Great fun, with all of the best aspects of this field of scifi.  Space ships with environment systems and thousands of planets supporting every kind of lifestyle and industry, evil space pirates and insane military leaders who bare grudges against whole wings of the RSS on the basis of which commander they served under, rich planetary rulers with stupid hobbies and far far too much money.  Moon builds up this fantastic universe full of little nooks to explore and discover as you read through, tonnes of tiny little details that make the story not just plausible (in terms of relationships and society, not tech obviously) but something that you can feel almost a part of.  At the same time, her prose describes a physical universe that has real depth and a clear, understandable vision.  You can see the parts slotting together to make the working whole in everything from the political workings of the fictional galaxy, to the physical workings of the systems involved in space travel.

    Moon writes like a combination of the Grand Vision of writers like Arthur C Clarke and Issac Asimov, but without the nerdishness that made their characters seem wooden and one dimensional.  Moon has a real understanding of not just people as individuals, but as groups, families, societies and nations.  This is absolutely some of the best large vision fiction I have ever read, right up there with my favourites of the new wave like Robert Reed, Paul McAuley etc.

    What I love even more is that there are 2 more collections in this universe, following other characters from the stories in this volume.  Perfect.  I love that depth that is built though this kind of reuse of setting.  I'm very suprised that I missed these books back in 93/94, but not entirely upset, because I got to read them all in one hit without having to wait to see what came next.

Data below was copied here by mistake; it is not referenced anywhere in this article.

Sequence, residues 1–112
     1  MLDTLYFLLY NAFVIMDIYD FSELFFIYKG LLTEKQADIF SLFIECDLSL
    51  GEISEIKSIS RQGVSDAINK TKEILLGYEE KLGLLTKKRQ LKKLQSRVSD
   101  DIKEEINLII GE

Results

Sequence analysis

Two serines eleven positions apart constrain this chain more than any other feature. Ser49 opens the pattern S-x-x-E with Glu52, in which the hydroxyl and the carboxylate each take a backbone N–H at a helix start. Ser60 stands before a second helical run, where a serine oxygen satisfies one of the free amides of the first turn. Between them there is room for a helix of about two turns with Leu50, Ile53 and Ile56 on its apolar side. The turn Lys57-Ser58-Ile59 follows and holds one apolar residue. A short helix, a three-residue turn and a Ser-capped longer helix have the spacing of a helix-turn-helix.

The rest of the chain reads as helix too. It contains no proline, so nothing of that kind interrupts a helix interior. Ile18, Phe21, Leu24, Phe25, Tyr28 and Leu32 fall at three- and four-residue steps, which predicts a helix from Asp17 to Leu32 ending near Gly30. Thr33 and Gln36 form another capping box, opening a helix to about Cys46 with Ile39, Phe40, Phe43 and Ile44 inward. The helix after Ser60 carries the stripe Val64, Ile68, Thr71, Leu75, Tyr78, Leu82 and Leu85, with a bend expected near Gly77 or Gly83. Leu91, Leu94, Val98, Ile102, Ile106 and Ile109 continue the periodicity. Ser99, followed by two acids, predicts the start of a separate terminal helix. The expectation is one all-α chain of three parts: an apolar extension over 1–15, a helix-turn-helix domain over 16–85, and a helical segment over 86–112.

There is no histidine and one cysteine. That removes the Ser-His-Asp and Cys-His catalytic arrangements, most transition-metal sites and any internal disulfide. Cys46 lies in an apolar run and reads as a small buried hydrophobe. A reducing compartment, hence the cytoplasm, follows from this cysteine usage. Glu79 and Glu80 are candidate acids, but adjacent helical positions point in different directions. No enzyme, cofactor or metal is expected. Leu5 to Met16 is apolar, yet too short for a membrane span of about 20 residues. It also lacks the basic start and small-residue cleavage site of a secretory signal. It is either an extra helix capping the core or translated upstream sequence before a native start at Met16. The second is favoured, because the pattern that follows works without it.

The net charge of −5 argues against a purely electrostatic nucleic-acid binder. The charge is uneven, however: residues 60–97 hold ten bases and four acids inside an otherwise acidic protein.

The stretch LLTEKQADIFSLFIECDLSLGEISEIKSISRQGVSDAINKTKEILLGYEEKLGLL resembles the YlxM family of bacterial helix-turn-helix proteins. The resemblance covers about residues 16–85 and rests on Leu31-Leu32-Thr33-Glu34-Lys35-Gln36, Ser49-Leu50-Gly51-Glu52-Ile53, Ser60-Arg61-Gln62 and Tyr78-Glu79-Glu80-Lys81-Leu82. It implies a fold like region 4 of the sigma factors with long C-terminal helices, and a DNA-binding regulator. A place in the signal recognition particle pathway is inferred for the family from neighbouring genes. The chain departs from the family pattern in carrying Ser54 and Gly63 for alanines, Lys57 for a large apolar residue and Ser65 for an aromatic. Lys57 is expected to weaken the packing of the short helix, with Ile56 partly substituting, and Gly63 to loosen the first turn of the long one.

You should probably read this book.

    04 May 2010

    Larry Niven - The Draco Tavern

    The Draco Tavern is a collection of Nivens stories set in the fictional bar for visiting aliens at the Mount Forel Spaceport in Siberia.  The collected stories were written between 1977 and 2006, dealing with the daily life of Draco Tavern owner Rick Schumann and his staff of scientist/barstaff as they try to deal with the needs and wants (intoxicating or otherwise) of the hundreds of alien species that drop by when a Chirpsithra space liner is in port.

    Niven is well known for his ability to write funny, interesting, complicated future histories, and this collection is no exception.  The 27 stories in this volume cover topics ranging from the existence of God to feminism, war and politics, relationships, species survival, reproduction and commerce.  And a whole bunch of other stuff.  There are all kinds of weird aliens, including a rock that barely moves over hundreds of years, but is wired into the internet, technology that is sometimes more than it seems, bubbling green drinks made from radioactive isotopes, atmosphere screens and environment suits.  There are even sentient fish living in transparent water filled balls that transport them around on dry land.

    This is not a particularly heavy read, because it doesn't take itself too seriously, but it does raise some challenging questions, and in many cases attempts to answer them.  All of the stories are told from the perspective of Rick Schumann, in the context of him telling a tale, very much like you would expect.  Very "barman with a moral tale" tropish.  And it totally works.

    I gave this book to Java to read, and he loved it.  The lack of 'adult' content makes this a particularly good read for younger sf readers who are beyond the idiotic crap that is often sold as YASF.  I wish more writers would do this, because graphic sex often means that I can't (won't) give it to my kid to read.  He doesn't need to be exposed to that just yet, and it is frustrating when a fantastic novel has just two or three paragraphs that make it unsuitable for kids.  Especially when it does nothing for the story.  Sigh.  Cory Doctorow could learn a thing or two from this.  IE Makers.